Tuesday, December 18, 2012

Why You Really Are Great

If there is one thing that we, as a society, struggle to comprehend, it is the value of a human being.  This critical misunderstanding drives virtually every debate, every argument, every conflict, every war; every confrontation in the modern world comes from the fact that I do not understand why I should find you worthwhile.  Abortion, sexual ethics, racism, poverty, discrimination, warfare, all based on the misunderstanding of human value.  People are great.  You'd struggle to find someone who completely disagrees with that premise, but you could very well spark a bloody war (or even worse, an internet flame war) trying to identify just why people are great.

The general consensus of our society is that we are valuable because of things about us:  our appearance, our abilities, talents, beliefs, histories, possessions, personalities, etc.  A great man or woman might be great because they are intelligent, or rich, or powerful, or have a strong personality.  A mediocre person might be mediocre because they sit on their couch all day and have a crappy resume.  We evaluate each other based on utility, on traits, on ability the ability to express oneself upon the world around us.  This is why Alexander the Great is "the Great" and you cousin Alexander is not "the Great", because your cousin didn't conquer the better part of the known world in his early twenties.  This is why the United States is a great nation and Eritrea is not, because the United States expresses its influence all around the world and Eritrea does not.

This idea of greatness has its merits, one can't really deny that.  Our gifts are not given to us without reason, and our society runs because people use the gifts their given to express themselves upon the world their in.  However, human beings are not merely the value of their gifts, because gifts do not last.  Madonna was a great musician... once.  Madonna no longer tops the charts because her music isn't as good and her looks aren't doing all that well, in other words, her gifts are fading.  Our abilities come and go with the passage of time, they change, they get better or worse depending on where or when we happen to be.  Or, to streamline the process, insert me, with a pick up truck.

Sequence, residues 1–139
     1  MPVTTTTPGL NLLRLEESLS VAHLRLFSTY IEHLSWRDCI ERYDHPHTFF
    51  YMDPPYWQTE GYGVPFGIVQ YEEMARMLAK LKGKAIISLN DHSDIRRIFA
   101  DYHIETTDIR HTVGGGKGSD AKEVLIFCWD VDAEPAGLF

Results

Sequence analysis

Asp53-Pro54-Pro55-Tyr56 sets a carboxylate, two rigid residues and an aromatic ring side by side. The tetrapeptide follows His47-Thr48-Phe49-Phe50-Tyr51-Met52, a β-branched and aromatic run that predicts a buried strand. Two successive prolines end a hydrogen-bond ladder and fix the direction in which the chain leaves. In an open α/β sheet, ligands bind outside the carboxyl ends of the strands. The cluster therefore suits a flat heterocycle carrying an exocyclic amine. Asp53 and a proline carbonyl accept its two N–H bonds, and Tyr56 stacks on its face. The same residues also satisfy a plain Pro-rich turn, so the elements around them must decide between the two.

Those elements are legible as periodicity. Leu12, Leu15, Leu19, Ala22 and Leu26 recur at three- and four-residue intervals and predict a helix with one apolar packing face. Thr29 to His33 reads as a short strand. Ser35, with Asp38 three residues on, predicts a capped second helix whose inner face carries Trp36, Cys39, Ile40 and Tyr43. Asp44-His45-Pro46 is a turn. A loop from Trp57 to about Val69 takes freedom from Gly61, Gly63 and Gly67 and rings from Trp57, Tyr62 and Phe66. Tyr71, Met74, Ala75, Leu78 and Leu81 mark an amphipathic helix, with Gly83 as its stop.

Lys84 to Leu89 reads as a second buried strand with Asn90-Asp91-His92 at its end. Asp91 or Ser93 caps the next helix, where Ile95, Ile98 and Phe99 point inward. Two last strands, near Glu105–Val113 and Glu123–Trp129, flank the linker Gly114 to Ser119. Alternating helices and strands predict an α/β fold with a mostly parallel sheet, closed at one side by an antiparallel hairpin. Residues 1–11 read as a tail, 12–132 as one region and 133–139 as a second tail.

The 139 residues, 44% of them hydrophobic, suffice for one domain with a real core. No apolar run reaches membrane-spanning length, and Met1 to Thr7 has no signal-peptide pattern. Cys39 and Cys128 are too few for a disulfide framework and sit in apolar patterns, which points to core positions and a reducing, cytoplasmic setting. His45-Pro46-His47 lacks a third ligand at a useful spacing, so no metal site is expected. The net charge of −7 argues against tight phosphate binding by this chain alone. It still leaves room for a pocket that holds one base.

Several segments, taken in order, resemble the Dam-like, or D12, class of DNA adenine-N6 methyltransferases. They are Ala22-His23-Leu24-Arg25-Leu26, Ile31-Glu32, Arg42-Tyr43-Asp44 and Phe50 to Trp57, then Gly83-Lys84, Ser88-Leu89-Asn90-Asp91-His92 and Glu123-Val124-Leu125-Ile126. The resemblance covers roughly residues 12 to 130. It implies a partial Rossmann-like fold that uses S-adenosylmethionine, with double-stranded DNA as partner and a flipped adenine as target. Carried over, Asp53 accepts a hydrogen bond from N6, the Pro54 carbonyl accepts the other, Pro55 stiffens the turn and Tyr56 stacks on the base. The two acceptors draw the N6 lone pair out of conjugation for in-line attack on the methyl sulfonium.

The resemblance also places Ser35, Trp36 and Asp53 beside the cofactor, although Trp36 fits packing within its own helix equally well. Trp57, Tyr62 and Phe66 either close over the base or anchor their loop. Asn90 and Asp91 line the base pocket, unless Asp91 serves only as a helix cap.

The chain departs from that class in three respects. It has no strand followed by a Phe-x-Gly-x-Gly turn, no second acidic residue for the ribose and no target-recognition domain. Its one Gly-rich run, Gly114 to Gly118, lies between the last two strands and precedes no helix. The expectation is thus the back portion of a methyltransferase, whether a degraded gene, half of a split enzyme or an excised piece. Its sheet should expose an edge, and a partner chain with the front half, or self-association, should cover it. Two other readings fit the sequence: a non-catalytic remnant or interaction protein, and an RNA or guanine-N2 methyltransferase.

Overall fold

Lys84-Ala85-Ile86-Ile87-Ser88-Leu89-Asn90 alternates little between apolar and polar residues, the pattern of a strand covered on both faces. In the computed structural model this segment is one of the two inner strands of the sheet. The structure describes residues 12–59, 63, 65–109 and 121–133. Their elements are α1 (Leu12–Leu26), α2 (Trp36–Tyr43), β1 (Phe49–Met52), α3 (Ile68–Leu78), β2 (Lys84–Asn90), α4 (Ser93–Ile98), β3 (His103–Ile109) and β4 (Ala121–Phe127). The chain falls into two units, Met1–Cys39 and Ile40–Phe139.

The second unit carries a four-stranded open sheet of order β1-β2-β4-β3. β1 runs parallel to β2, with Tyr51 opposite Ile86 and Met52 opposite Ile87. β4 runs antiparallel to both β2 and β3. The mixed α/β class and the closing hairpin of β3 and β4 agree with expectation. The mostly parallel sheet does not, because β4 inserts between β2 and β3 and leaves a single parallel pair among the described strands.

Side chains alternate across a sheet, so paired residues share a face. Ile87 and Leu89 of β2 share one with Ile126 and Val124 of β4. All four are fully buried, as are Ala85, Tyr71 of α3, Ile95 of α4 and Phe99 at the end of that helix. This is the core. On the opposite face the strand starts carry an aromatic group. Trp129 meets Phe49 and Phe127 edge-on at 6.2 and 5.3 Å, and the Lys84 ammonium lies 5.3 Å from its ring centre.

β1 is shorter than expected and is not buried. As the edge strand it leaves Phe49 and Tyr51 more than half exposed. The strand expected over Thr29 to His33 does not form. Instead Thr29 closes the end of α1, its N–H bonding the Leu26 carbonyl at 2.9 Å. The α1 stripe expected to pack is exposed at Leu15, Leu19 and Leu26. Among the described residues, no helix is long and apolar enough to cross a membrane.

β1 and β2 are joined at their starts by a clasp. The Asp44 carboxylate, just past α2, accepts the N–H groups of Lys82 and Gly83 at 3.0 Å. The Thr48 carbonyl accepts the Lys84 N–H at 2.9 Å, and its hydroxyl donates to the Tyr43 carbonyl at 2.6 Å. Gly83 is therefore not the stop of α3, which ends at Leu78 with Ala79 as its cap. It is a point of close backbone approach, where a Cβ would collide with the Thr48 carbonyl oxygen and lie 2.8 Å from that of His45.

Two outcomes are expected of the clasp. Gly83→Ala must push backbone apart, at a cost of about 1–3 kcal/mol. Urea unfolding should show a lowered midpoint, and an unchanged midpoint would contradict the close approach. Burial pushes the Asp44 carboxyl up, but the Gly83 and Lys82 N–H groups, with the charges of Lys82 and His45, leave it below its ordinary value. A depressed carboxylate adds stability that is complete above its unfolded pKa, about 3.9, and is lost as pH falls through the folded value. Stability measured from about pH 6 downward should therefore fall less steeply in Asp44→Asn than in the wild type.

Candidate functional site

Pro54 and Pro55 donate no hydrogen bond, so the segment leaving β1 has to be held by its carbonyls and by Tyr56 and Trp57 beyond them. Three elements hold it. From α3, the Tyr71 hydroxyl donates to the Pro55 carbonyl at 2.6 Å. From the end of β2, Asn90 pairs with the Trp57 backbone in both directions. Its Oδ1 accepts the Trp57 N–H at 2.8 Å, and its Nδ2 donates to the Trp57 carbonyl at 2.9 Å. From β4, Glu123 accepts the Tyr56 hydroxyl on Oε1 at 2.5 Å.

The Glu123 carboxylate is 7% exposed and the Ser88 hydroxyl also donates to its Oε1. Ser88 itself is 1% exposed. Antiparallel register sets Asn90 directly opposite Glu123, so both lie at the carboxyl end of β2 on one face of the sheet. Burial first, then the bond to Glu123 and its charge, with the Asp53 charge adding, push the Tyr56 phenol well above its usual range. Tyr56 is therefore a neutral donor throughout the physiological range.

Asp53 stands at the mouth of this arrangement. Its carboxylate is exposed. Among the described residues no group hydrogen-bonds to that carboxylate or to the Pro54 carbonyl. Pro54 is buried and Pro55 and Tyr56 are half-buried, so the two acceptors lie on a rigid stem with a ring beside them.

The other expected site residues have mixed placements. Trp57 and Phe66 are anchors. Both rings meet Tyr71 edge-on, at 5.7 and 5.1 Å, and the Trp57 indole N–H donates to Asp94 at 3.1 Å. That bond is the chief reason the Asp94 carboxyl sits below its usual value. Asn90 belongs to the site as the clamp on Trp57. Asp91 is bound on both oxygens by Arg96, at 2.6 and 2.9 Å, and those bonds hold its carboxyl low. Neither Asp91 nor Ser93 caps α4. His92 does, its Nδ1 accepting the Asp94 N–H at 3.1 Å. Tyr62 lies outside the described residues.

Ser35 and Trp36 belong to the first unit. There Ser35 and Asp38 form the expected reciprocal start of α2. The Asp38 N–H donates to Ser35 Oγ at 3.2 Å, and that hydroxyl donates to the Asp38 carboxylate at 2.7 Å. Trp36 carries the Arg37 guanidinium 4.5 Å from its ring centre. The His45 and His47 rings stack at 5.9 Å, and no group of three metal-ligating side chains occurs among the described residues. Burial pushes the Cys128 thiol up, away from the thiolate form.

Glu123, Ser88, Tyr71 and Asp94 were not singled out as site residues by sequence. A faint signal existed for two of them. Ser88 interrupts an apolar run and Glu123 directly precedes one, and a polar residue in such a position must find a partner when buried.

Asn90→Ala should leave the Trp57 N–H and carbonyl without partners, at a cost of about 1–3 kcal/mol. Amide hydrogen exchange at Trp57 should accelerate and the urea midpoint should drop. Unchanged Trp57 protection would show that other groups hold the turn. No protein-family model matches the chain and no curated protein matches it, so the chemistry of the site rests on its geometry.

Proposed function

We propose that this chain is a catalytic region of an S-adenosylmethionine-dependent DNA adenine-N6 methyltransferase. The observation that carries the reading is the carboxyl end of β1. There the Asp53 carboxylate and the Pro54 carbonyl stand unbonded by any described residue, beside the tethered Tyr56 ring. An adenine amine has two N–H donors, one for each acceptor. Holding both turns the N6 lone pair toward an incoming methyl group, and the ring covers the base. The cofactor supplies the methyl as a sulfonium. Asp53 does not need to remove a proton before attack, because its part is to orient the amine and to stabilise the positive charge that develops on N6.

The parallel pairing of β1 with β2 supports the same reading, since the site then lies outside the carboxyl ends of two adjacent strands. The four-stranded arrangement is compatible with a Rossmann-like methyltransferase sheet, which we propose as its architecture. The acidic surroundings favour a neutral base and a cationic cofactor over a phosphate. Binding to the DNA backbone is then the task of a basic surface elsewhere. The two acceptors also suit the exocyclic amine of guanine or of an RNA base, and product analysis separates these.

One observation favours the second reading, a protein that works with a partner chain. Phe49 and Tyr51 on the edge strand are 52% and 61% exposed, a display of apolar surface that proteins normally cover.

4,000 lbs of instant inevitability
If Madonna were crossing the street and I, who just so happened to be rocking out to "Material Girl", was not paying attention and (with great irony) hit her with my truck, I could quickly hasten time's inevitable decay, a la brain damage.  We are all one hit and run away from vegetative states, and what becomes our gifts (and therefore, our value) then?

Mankind is great, not because of any extrinsic trait, but because of intrinsic value, a value that is infinite and incomparable.  And here's where it gets interesting.  You see, you and I are both valuable, intrinsically and regardless of our differing traits and abilities, but we're also uniquely valuable.  Most people like to find value in their abilities because it reaffirms their individuality, it tells them that they are one of a kind, that they are special and unique, which is why we tend to scoff at anyone who tells you that your value is independent of your unique traits.  Being valuable is not just merely finding worth, but finding worth that is entirely and completely unique.  Thus, some of you might scoff when I say "You are valuable regardless of your supposed individuality." because being equally valuable as everyone else just doesn't seem all that valuable.  But that's where you'd be wrong.